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Disaster Recovery

Disaster Recovery

When we read the phrase Disaster Recovery we might think about a catastrophic event that has happened in an area where a tornado has hit or something, but what really has happened is a hurricane has came through and wiped out your data center and systems and knocked you out of commission for a while. (The definition of disaster recovery would be appropriate here – Disaster recovery (DR) is an area of security planning that aims to protect an organization from the effects of significant negative events. DR allows an organization to maintain or quickly resume mission-critical functions following a disaster.

What do you do now? This is why where we learn why it is so important to have a plan in place for a disaster.  recovery and continue to do business during the meantime. It’s easy to dismiss the idea that it will never happen to any type of business like yours and can only happen to major corporations like banks and other big players, but in reality it can happen anywhere at any time. with the way the technology world is and the hackers intelligence gaining in this tech world today. Some small businesses aren’t as fortunate as bigger businesses as having the top of the line equipment of switching to an alternate system in the case of a disaster, but its not to say that they cannot purchase something or invest in something nice that will prevent them in the future from a significant cyber attack to a natural disaster.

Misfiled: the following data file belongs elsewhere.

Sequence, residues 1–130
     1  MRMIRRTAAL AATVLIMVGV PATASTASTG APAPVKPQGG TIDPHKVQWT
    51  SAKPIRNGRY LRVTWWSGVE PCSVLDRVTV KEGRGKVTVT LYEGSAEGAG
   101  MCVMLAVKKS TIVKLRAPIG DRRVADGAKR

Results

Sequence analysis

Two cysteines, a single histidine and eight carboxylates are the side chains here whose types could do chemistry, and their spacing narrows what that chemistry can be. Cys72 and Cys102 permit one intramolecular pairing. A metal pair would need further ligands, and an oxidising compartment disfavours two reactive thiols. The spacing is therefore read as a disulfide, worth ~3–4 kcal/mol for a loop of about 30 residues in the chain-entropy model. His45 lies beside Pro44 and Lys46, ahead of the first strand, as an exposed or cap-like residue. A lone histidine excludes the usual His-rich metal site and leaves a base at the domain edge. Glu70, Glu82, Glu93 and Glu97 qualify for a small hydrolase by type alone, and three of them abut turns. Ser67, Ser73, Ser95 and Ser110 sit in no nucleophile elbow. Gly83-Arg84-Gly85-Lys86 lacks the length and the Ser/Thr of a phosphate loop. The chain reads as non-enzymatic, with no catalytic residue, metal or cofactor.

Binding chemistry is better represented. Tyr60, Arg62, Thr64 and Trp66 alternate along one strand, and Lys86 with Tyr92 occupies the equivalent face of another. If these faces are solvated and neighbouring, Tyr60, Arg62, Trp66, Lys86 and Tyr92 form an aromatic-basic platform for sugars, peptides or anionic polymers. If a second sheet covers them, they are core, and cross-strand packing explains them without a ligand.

The first step on the route to developing a disaster recovery strategy is to have a plan. In its simplest form, this will simply be a case of documenting where your backups are and who is responsible for retrieving and restoring them.
The bigger the business, the more complex the plan will become, as you need to have provision for finding alternative accommodation, sourcing new equipment, getting communications up and running, and more.
You need to understand where your systems are. For example, what is run and stored internally and what is in the cloud? Just because something is in the cloud doesn’t mean you can ignore it from a business continuity point of view.

You need to consider how you would access it in the event of a disaster, but you must also plan for what would happen if the cloud provider itself were to have a problem. Do you have online backups of your data elsewhere?
Making a disaster plan also involves deciding the relative importance of different systems. Which are essential to your operation and need to be retrieved quickly and which are less vital and can be left for later? The amount of data you have comes into play here too. The more files you have, the longer they will take to restore. You will want to think about how you structure the retrieval.
You need to think about the type of disaster you might encounter. Immediately we think of fire or perhaps cyber attacks, but what about other things? Flooding, for example, can be devastating and if your company is in a vulnerable area, you might want to think about moving to reduce the risk. Think about other problems beyond your control: power outages, theft, vandalism, or even one of your major suppliers experiencing a disaster that prevents them from fulfilling their commitments to you.
As you develop your plan you will need to think about who will be in charge of the different areas of the plan and who has the experience of those areas so the plan can be carried out with efficiency. As only having a plan is just a small part of the picture, you must keep it up to date and know your areas of concern when something happens. This should be the first plan you draft up when becoming part of the IT leadership team and heading up a business.